The Chicago Bears play their final tune-up game tomorrow, which will end what has been an injury-fueled, nightmarish preseason. However, at least we got some good news regarding Cam Meredith’s season-ending knee injury.
Over at CBS Chicago, Chris Emma reports that Meredith suffered only a minor MCL tear in addition to the torn ACL. He’ll have surgery soon, and the hope is he will be ready to return for OTAs in May 2018. This is a minor victory for Meredith, as the knee injury he suffered in Sunday’s preseason win against the Tennessee Titans could have been much worse than initially feared.
- Meredith’s breakout 2016 season came, in part, because of a season-ending leg injury to Kevin White, a four-game suspension for Alshon Jeffery, and a general lack of depth at wide receiver. With Jeffery now playing in Philadelphia, and Meredith injured himself, there is a bulk of the pass-catching load that could fall into White’s hands this season. To that end, White told the Associated Press he feels a need to “step it up” in Meredith’s absence. After being held without a catch in the preseason opener, White has caught a pair of passes in each of the last two games. I’m curious to see if the Bears will play him in tomorrow’s preseason finale against the Browns.
- Naturally, White is not the only receiver feeling this way. Adam Jahns of the Chicago Sun-Times writes about the decisions the Bears have to make at the position with Meredith out for the season. Among the players who could be on the chopping block is Victor Cruz, who signed with the team as a free agent. Cruz’s roster spot is not guaranteed, and while he believes he still has the quickness and playmaking ability to succeed, it also sounds like he understands what’s at stake. “It’s meant a lot, just to be given an opportunity,” Cruz told the Sun-Times. “That’s all you can ask for, and that’s all I’ve ever asked for my entire career, a chance to perform, to prove myself. And I thank the organization for giving me that, and now it’s time to potentially build on that and see how we go moving forward.”
- Tanner Gentry is also on the fringes, but he has flashed in training camp, as well as preseason games. Gentry has also picked up responsibilities in a role that could help his case by taking game snaps as a gunner on the punt team. Being a special teams ace is something that could separate Gentry from the pack, and the Wyoming product knows it. Gentry’s play isn’t going unnoticed, with Kevin White telling the Sun-Times: “You throw it to [Gentry]; he’s going to catch it. He runs really fast. He works really hard. He does everything right.”
- One player who won’t have any impact on which receivers will make the team is quarterback Mark Sanchez, who won’t play in Thursday’s preseason finale. As ESPN Chicago’s Jeff Dickerson points out, Sanchez wraps up his preseason stint with the Bears having thrown a grand total of six passes in 14 live game snaps despite being listed second on the depth chart all summer. Mitch Trubisky (who has received the most game reps this preseason) will start, while Connor Shaw will provide the mop-up work against the Browns. Head coach John Fox says Trubisky and Shaw are the only quarterbacks who will play on Thursday.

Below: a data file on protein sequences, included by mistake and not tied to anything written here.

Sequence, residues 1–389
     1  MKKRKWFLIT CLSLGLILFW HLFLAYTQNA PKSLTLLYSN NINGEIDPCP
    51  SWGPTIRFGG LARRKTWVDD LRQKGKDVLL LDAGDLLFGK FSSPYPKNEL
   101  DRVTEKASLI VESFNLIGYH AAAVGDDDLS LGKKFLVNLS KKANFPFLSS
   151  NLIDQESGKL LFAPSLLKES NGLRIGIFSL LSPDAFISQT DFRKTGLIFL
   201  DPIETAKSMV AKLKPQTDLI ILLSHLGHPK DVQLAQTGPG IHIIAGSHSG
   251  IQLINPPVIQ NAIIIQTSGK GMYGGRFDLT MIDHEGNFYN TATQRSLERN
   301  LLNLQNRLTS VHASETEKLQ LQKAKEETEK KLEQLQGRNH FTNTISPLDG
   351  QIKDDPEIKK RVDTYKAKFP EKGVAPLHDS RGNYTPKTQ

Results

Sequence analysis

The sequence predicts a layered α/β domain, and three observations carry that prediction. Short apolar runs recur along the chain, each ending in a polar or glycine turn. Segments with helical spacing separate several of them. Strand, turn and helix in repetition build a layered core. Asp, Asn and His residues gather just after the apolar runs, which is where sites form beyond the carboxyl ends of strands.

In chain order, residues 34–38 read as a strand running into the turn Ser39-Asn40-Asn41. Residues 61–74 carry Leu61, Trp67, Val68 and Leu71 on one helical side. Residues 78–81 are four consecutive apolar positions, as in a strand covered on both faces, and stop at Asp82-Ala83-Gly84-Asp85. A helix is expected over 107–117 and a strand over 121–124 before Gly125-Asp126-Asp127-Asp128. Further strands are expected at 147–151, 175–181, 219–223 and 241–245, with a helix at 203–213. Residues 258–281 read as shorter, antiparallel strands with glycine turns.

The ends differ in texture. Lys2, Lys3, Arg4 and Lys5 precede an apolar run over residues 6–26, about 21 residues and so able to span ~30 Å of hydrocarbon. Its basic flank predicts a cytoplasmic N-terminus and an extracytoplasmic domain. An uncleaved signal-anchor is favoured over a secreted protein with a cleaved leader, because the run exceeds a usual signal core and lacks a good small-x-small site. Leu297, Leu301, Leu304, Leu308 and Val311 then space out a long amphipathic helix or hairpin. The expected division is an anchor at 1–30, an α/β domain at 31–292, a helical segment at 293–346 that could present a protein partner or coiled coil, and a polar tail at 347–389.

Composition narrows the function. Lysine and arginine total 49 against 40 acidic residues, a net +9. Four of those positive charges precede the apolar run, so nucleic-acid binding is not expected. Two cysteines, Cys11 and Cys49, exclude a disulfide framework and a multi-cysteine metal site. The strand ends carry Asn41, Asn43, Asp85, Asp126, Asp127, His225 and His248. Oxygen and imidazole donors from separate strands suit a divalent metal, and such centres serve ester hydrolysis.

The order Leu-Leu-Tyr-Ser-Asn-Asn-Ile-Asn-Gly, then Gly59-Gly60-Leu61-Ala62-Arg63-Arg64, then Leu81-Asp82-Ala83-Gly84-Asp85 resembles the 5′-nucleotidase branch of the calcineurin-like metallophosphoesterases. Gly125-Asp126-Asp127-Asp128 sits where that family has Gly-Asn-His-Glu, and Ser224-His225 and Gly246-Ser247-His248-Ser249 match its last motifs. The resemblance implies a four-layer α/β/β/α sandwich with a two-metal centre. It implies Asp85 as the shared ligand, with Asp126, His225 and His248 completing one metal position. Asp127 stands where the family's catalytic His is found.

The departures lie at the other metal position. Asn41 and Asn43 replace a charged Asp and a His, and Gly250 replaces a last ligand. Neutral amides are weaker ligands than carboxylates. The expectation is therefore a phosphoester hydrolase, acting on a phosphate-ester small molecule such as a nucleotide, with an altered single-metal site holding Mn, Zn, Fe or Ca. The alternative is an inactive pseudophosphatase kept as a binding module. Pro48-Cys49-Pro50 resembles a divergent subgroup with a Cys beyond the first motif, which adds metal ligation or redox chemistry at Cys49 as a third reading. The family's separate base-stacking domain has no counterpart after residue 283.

- Linebacker Danny Trevathan adds to the positive buzz surrounding the Bears’ first-team defense, telling CSN Chicago’s JJ Stankevitz he feels like he’s ready to perform and could be in play to start the regular season opener against the Atlanta Falcons. This would be a welcome addition to a first-team defense that has allowed just 55 rushing yards to running backs, according to Rich Campbell of the Chicago Tribune. That 2.12 yards per carry average would be quite the turnaround compared to how the Bears ended the season. Winning the turnover battle will eventually tell us how well the defense performs, but plugging holes in the run defense will help matters.
- Brad Biggs of the Tribune has a breakdown of Charles Leno Jr.’s contract extension, which seems like a bargain compared to what the going rate for left tackles has been in recent years. While Leno Jr. isn’t an elite left tackle, he has proven to be serviceable and reliable, two things the Bears front office seems to value.
- You can’t blame Jay Cutler if he wasn’t 100 percent invested in his broadcasting gig, especially since he felt he could still play quarterback in the NFL. In a nugget in Peter King’s MMQB column, Cutler was asked if he practiced a lot for his gig as an analyst for FOX-TV and said “I mean, I’d be lying if I said I did.” Despite the lack of practice reps, Cutler was viewed as a potentially good hire for FOX’s coverage of the NFL because of that precise brand of honesty. Hopefully, Cutler succeeds with the Miami Dolphins and then takes his talents back to the broadcast booth when it’s all over.
- Nothing ushers in the official return of the NFL schedule like Cincinnati Bengals linebacker Vontaze Burfice facing a potential five-game suspension. Burfict has racked up about $800,000 in fines, and yet, Bleacher Report’s Mike Freeman doesn’t see any change in the talented, yet dirty Cincinnati star.
- Aaron Donald is arguably the best defender in football, and the Los Angeles Rams need him in the lineup to make their defense go. Hence, I’m surprised Donald’s holdout has lasted this long and could go into the regular season. Donald is set to make $1.8 million this year and $6.9 million in 2018, and while the Rams would agree his is more valuable than what his contract currently pays him, the two sides haven’t come to an agreement on what his restructured value should be.
- The return of the NFL regular season also means Madden NFL is back in our lives … which also means Maddon Glitch Season is back. Deadspin has some of the best of the best here. This one is my favorite because I’m surprised it hasn’t happened in real life with as often as receivers ask for a penalty flag after a play: